- Brothers and Sisters of the Toda Family – a widow discovers that her grown up children are unwilling to support her and their younger sister when their father suddenly dies leaving them deep in debt.
- There Was a Father – a father’s attempts to do the best for his son perpetually keep them apart.
- A Hen in the Wind – a returned soldier struggles to accept his wife’s decision to resort to prostitution to pay for a doctor to save their son’s life in Ozu’s atypically dark post-war drama.
Cult (3rd July)
- Gushing Prayer – pink film from Masao Adachi dramatising despair in the wake of the failure of the student movement.
- Inflatable Sex Doll of the Wastelands – pink film in which a hitman is brought into contact with the yakuza who killed his girlfriend while looking for kidnapped woman.
- Stray Cat Rock: Delinquent Girl Boss – first in the Stray Cat Rock series starring Akiko Wada and Meiko Kaji.
- Female Prisoner #701: Scorpion – Meiko Kaji stars as a woman falsely imprisoned.
- Lady Snowblood – Meiko Kaji stars as a young woman seeking revenge against the men who raped her mother.
- Orgies of Edo – three tales of Genroku decadence from Teruo Ishii. Review.
- House – surreal horror from Nobuhiko Obayashi in which a high school girl takes some friends to visit her aunt but ends up in a colourful nightmare world.
Anime (31st July)
- Summer Wars – Mamoru Hosoda’s breakthrough feature follows the summer adventures of maths genius and moderator of online world Oz Kenji Koiso as he is unexpectedly invited on a trip with his crush, Natsuki, only to be expected to play the part of her fake fiancé whilst also dealing with a vast internet-based conspiracy.
- The Girl Who Leapt Through Time – Mamoru Hosoda’s loose sequel to the much-loved novel by Yasutaka Tsutsui.
- Wolf Children – touching animation from Mamoru Hosoda in which a single-mother raising two children alone must comes to terms with the different paths her children take.
- Ghost in the Shell – Mamoru Oshii’s iconic adaptation of the Shirow Masamune manga in which a cybernetic ally enhanced policewoman hunts a hacker known as the Puppet Master.
- Ghost in the Shell 2: Innocence – sequel to the original Ghost in the Shell set in the Hong Kong of 2032.
Independence (21st August)
- Funeral Parade of Roses – Toshio Matsumoto’s avant-garde take on Oedipus Rex.
- Tetsuo: The Iron Man – surrealist body horror from Shinya Tsukamoto.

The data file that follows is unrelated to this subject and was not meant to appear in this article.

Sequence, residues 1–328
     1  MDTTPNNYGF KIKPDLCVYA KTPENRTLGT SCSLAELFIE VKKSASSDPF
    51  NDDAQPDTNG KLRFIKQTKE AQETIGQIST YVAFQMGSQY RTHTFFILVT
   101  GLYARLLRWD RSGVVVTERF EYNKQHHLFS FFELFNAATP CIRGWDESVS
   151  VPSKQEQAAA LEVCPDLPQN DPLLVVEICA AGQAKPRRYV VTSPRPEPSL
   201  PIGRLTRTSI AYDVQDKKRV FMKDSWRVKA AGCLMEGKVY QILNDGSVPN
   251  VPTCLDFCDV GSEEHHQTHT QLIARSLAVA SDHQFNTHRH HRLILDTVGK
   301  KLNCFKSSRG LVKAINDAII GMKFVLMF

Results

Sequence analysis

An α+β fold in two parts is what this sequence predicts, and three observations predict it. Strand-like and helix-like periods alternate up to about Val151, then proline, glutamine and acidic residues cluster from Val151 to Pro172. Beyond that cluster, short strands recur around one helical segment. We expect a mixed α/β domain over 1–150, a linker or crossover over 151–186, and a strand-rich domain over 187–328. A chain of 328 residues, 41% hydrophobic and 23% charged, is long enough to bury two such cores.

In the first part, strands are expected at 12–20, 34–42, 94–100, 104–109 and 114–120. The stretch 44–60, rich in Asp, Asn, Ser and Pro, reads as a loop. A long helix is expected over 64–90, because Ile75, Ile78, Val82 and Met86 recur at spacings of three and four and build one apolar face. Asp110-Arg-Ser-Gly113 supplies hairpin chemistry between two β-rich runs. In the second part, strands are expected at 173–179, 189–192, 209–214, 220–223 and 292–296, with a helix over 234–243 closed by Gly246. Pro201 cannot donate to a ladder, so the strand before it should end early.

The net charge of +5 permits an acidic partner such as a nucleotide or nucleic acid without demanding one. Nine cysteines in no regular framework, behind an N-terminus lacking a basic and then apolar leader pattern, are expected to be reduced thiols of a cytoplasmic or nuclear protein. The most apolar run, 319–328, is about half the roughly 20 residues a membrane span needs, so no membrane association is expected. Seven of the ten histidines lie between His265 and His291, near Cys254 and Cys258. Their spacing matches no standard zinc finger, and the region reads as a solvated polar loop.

- Maborosi – a young widow struggles to come to terms with the apparent suicide of her husband in Hirokazu Koreeda’s debut feature.
- Sawako Decides – an aimless young woman struggles to find direction in her life in an early comedy from Yuya Ishii starring Hikari Mitsushima.
- Getting Any? – zany pop culture comedy from Takeshi Kitano in which a man goes to great lengths to get a car solely so he can have sex in it. Review.
- The Woodsman and the Rain – comedy from Shuichi Okita in which a film director bonds with a lonely lumberjack while shooting a zombie movie.
- Love Exposure – 4-hour epic from Sion Sono in which the son of a priest becomes obsessed with upskirt photography.
- The Mourning Forest – a bereaved mother bonds with the elderly resident of a care home where she works in an award winning drama from Naomi Kawase.
- A Scene at the Sea – poetic drama from Takeshi Kitano about a deaf refuse collector who becomes fixated on surfacing. Review.
- Dangan Runner – three men ricochet towards an inevitable ending in the debut feature from SABU. Review.
- Zigeunerweisen – surreal drama from Seijun Suzuki starring Yoshio Harada as a nomad on the run after being suspected of seducing and killing the wife of a fisherman.
- Shinjuku Triad Society – sleazy ’90s noir from Takashi Miike in which a mixed race policeman goes up against a Taiwanese gang over to discover his younger brother has joined them as a rookie lawyer. Review.
- Violent Cop – a rogue cop attuned to the ways of violence abandons all pretence of civility in pursuit of justice but encounters only nihilistic futility in Kitano’s Bubble-era noir. Review.
- Boiling Point – a disaffected young man finds himself on a self-destructive mission of vicarious vengeance but struggles to escape his sense of inferiority in Kitano’s deadpan exploration of explosive repression. Review.
- Sonatine – tired of the life, a veteran gangster ponders retirement but knows his brief island holiday is only a temporary respite from his nihilistic life of violence in Kitano’s melancholy existential drama. Review.